We can understand the way blockchain functions by using the analogy of accounting process. In the olden days, we had single entry book-keeping. It was simply a log of transactions and was prone to errors and omissions. There was hardly any way to cross-check and correct the entries afterwards. When double entry book-keeping was introduced, the process shifted to a set of complementary recordings of transactions with a debit corresponding to each credit and vice versa. As a result, the verifiability improved significantly. The trial balance process ensured a verification and rectification mechanism.

Using the same logic, in blockchain technology we have a system of distributed ledgers wherein every transaction is recorded in multiple ledgers. These are anonymously distributed across a wide network of computers. Every change needs validation by the majority of the complementary ledgers with the help of high integrity algorithms. This ensures continuous validation and real-time co-audit. Also, the permanent trail of transaction chain ensures the possibility of post-facto verification thereby further increasing the data integrity and confidence levels of all stakeholders.

Many people understand blockchain in the limited perspective of crypto- currencies (notably the bitcoin) and tend to ignore the tremendous possibilities the technology has for transforming the quality of public service delivery. Perception of bitcoin varies from a puritanical ethical viewpoint to addictively speculative attraction for it. Bitcoin, the immensely successful cryptocurrency, became the first mover in the digital currency space and with its novelty aroused fantasized curiosity. The speculators, or the habitual manipulative bulls fell for it soon lifting it to the level of an alternative currency, devoid of regulation and prone to extreme volatility. The scandalous disorder of cryptocurrencies has attracted sovereign reviews and global calls for moderation and control. However, the underlying idea of cryptocurrencies has been subject to serious analysis by several central banks and monetary experts.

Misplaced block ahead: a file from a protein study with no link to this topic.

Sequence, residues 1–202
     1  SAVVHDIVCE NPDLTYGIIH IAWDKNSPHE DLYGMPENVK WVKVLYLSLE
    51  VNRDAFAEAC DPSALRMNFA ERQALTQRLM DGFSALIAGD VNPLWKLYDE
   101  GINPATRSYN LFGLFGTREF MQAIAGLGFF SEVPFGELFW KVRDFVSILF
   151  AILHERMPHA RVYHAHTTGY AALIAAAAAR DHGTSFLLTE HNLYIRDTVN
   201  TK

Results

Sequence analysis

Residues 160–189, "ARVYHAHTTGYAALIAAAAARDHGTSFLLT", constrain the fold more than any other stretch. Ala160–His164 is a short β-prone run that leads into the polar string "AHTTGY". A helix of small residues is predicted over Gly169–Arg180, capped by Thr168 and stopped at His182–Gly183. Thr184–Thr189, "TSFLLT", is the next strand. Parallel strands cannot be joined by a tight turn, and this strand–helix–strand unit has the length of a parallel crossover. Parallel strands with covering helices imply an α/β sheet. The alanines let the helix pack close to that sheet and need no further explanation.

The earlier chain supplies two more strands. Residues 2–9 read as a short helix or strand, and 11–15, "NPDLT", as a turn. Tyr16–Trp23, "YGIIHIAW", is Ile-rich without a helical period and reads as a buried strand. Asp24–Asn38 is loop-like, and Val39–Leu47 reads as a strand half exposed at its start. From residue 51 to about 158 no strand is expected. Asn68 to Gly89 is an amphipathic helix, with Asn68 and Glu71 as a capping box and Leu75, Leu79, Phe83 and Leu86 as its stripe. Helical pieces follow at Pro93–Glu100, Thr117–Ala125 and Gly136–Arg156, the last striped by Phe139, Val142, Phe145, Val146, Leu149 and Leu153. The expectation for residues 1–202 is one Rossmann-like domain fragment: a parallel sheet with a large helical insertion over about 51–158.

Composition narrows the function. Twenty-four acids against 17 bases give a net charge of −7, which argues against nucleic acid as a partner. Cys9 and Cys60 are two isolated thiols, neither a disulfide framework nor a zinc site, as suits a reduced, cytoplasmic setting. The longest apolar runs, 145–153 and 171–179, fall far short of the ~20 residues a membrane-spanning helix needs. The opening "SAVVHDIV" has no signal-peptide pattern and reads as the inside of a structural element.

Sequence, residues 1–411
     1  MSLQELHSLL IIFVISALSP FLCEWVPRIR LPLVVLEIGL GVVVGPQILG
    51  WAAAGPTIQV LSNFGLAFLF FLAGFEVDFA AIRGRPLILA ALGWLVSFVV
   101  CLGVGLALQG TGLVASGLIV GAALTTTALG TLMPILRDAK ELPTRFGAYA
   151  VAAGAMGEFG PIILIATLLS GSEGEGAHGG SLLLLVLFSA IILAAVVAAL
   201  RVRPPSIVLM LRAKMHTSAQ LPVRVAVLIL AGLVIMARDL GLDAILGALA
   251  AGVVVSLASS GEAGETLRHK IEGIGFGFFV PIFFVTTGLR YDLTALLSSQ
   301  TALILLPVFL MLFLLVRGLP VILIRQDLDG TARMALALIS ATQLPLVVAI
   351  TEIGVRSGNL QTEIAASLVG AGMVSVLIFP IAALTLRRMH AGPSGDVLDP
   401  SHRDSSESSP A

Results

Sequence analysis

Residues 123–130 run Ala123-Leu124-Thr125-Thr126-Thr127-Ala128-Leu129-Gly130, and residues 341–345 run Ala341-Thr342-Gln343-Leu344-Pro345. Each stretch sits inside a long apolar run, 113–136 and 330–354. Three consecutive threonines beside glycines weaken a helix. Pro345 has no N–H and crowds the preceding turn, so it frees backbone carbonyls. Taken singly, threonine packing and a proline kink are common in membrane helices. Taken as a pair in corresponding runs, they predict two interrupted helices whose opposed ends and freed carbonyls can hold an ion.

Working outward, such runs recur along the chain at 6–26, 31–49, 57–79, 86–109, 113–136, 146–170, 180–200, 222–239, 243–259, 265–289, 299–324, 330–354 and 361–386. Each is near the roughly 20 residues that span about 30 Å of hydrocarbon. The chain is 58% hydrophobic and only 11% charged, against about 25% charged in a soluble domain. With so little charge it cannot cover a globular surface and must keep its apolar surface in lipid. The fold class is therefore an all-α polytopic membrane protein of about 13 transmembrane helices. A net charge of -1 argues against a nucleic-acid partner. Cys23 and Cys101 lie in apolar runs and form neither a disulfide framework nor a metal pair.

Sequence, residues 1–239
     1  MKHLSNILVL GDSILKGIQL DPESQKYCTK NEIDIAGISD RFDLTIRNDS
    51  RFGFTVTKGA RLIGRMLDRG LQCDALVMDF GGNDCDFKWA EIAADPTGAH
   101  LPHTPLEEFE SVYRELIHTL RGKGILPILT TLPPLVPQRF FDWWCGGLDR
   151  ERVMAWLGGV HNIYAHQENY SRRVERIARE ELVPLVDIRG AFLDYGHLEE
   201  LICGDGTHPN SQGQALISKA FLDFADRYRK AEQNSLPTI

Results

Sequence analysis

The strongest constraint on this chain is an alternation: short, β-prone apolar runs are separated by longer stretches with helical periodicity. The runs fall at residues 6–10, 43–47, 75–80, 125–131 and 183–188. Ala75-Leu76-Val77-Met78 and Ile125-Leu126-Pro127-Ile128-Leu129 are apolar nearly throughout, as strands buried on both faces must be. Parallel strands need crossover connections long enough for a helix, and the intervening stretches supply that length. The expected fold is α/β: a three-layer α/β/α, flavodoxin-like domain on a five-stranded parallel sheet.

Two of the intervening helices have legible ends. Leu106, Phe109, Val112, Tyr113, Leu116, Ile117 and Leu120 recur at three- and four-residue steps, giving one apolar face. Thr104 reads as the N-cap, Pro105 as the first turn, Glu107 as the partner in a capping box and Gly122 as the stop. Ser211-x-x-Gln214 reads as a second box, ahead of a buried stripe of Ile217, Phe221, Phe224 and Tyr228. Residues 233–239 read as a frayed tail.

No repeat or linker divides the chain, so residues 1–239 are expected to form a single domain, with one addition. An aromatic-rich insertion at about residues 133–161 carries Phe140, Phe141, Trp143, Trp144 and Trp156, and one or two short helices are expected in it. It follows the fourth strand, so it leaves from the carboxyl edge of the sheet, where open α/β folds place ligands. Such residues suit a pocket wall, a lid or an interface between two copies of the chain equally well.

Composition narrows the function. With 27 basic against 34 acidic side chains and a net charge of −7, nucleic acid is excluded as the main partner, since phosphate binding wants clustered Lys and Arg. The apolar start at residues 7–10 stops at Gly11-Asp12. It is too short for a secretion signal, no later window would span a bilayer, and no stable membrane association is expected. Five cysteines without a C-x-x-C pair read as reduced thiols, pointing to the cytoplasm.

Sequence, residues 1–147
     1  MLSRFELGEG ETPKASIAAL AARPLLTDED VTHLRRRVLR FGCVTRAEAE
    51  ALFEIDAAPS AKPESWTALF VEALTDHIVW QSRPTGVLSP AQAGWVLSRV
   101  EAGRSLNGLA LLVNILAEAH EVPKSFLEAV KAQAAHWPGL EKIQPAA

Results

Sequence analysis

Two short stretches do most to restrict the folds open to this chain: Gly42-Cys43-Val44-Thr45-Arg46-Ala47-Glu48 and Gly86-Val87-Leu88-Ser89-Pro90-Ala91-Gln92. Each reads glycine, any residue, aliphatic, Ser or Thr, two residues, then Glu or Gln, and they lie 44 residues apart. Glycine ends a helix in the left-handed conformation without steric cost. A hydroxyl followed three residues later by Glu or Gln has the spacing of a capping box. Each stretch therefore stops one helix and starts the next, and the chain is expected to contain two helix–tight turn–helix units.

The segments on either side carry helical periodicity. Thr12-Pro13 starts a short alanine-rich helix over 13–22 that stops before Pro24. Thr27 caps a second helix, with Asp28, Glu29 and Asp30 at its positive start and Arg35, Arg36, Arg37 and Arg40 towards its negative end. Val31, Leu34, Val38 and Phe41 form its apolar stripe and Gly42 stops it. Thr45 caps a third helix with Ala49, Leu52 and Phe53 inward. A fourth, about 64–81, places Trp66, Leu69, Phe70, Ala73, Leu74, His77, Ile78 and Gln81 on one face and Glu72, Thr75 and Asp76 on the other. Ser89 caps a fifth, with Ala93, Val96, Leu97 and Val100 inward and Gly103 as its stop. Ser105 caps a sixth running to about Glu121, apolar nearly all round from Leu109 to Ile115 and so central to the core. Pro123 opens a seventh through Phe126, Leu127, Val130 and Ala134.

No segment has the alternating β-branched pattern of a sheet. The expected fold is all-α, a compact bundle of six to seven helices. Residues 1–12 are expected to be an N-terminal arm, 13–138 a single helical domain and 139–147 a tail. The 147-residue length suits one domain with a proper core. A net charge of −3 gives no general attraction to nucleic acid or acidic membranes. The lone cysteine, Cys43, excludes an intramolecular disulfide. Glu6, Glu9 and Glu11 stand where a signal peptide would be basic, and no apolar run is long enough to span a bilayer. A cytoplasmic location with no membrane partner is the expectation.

Some Central Banks are seriously considering launching authentic digital money. Bank of England has had many discussions; Swedish Central Bank is also examining the proposal seriously. Central Bank of Uruguay has announced trials on a version of cryptocurrency.

In India cryptocurrencies have not yet been banned, nor are they encouraged. However, in Apr' 18, RBI issued a circular asking banks not to participate in cryptocurrency transactions. Some experts recommend that Reserve Bank could possibly launch a sovereign backed bitcoin as part of financial inclusion agenda and extending the concept of mobile wallet products.

Probably, with sound regulatory controls, such a product will be able to checkmate counterfeiting, currency hoarding and terror-funding to mention just three of the strategic monetary issues. Blockchain can have wide-ranging applications to further the inclusive governance initiatives and upgrade of public service delivery. A look at a few use case scenarios would make this clear.